Inspiration

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The art of styling food with Lola Faura Praxedes

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Few arts are as delicate and delicious as the one of the food stylist.

It's hard not to fall in love with Lola Faura's photography. All it takes is one quick glance at one of her projects on her profile and you instantly want to run for the fridge – or Uber Eats, way more dangerous for your wallet. A lover of travel, photography and just her job in general, Lola has worked with some of the biggest food brands out there, and it really shows.

For this Member Spotlight, we are getting to know a talented professional who can't wait for the borders to be unrestricted again. Delicious pics incoming!

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How did you get into the industry?

After completing Le Cordon Bleu’s High Cuisine & Pastry Chef Diploma, I started working in Marketing for KFC Spain, developing their pipeline of new products. It was there that I found out about the beautiful profession of Food Styling and fell in love with it. I loved the detail put into making each burger, the glycerin droplets placed on the tomato to make it look fresh, the precise placement of each ingredient, even introducing the sauce meticulously on an exact spot with a syringe!

It was a whole new world to me and I was simply amazed by how a quality image could boost a product’s sales.

It was then that I decided I wanted to be part of those beautiful creations and so I started asking everyone in the industry about the steps I should take to learn this profession. I soon realised that I had to travel to Australia. Sydney is where the best food stylists in the world are based and so I got a visa, packed my things, and went to learn by their side! It was without a doubt the best experience in my life.

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Where are you based now and who do you work for?

I am currently based in London, UK, and am available to travel and work remotely. I have worked for brands such as Uber Eats, Westinghouse, KitKat, Kitchen Aid and Hungry Jacks (Burger King) among others. With them, we produced TVCs, out of home, packaging, cooking shows, magazines and catalogues.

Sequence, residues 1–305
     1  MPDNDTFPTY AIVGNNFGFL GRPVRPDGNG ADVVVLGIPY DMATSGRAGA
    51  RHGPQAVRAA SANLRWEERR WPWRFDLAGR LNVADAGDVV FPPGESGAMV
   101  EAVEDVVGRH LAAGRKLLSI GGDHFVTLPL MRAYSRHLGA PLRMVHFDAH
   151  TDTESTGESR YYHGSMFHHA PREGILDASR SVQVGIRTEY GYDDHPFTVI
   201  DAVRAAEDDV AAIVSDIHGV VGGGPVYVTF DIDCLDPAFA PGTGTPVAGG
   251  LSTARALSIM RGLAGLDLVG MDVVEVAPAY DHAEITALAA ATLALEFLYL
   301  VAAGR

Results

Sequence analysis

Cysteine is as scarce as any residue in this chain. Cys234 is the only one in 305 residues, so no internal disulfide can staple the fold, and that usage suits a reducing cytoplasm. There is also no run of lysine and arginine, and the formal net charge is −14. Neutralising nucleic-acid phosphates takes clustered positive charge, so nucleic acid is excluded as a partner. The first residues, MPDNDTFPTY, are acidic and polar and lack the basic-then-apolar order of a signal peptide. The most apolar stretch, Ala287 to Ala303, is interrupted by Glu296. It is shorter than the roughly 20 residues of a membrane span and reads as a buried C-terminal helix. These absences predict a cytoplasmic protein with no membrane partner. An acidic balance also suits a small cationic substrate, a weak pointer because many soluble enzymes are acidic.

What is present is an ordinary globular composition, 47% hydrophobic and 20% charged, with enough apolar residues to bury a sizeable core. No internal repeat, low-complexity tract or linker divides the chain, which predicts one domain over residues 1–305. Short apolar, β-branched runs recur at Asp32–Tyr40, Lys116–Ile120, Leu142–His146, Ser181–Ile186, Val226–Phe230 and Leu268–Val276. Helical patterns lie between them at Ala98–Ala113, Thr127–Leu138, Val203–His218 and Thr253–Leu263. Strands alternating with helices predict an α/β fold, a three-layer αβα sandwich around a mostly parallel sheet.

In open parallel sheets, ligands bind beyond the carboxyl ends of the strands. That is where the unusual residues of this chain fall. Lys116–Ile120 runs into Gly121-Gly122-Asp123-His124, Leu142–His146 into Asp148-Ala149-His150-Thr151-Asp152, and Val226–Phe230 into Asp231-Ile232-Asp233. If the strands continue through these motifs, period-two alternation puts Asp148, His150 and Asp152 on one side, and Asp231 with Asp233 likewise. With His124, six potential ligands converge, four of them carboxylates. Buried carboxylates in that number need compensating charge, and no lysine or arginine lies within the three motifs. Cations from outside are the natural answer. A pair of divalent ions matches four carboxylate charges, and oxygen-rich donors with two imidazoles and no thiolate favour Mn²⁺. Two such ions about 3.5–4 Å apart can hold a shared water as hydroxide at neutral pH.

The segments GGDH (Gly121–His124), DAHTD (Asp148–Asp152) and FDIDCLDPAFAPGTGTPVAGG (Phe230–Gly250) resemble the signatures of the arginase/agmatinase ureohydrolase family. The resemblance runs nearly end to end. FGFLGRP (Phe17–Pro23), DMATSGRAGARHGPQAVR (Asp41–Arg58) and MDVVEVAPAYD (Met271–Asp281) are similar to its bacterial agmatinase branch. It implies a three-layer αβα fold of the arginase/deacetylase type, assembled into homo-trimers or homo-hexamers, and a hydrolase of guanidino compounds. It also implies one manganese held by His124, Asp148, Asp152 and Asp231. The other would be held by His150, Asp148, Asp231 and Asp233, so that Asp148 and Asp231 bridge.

If you weren’t in your current industry, what would you be doing?

Something food-related for sure. I don’t think I would ever be able to be in a completely different industry. I love food and spend my day searching for pictures & inspiration.

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Can you explain your creative process?

The first and most important step is always to speak to the client. My goal is to really understand what they like, what they don’t, their priorities and goals. With that information I start to investigate and, always following the brand’s guidelines, I create a mood board with my recommendations on props, composition, use of product, and brand integration (if these haven’t already been defined).

Once the style and sketch of the image is approved, I will start my search to select the best ingredients and props for the shooting. Sometimes even having to go to more than 5 different shops to find all the ingredients that will be needed. On the days prior to the shooting I will also do tests of the product and send the images to the client to check it meets their expectations and that way ensure everything runs smoothly during the shooting.

How has technology affected the way you work (if at all)?

Nowadays it is possible to do a shooting remotely and have the client giving his feedback from the other side of the world. This, as simple as it may seem, is extraordinary and opens all horizons to content creation worldwide.

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What’s your secret to staying inspired and motivated?

I’m always searching for inspiration and love creating my own portfolio work with photographers. It’s when we do our own work where we get to be more creative and explore new techniques, that is without a doubt what motivates me the most!

What’s the work achievement you’re most proud of?

I guess nothing really compares to ones’ first job. It was only something small, a catalogue image for Woolworths showcasing their Banana Breads, but just seeing my work published for the first time was one of the most amazing feelings in the world.

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How do you recharge away from the office?

I don’t! Ahah. I am trying to, and it is an area that I’m working on; hopefully one day I will be able to completely disconnect. I guess my problem is that I really love my work and thus it just never feels like work as such. 

What advice would you give to other aspiring creatives looking for work?

Surround yourself with experts, learn from them and build things together. It’s the most enriching experience ever! 

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What’s your one big hope for the future of the creative industries?

International travel freedom. There are so many creatives around the world that it’s frustrating that at times like these we can only work within restricted areas. I would love to travel and work with professionals from all around the world, and can’t wait for everything to recover in order for borders to re-open.

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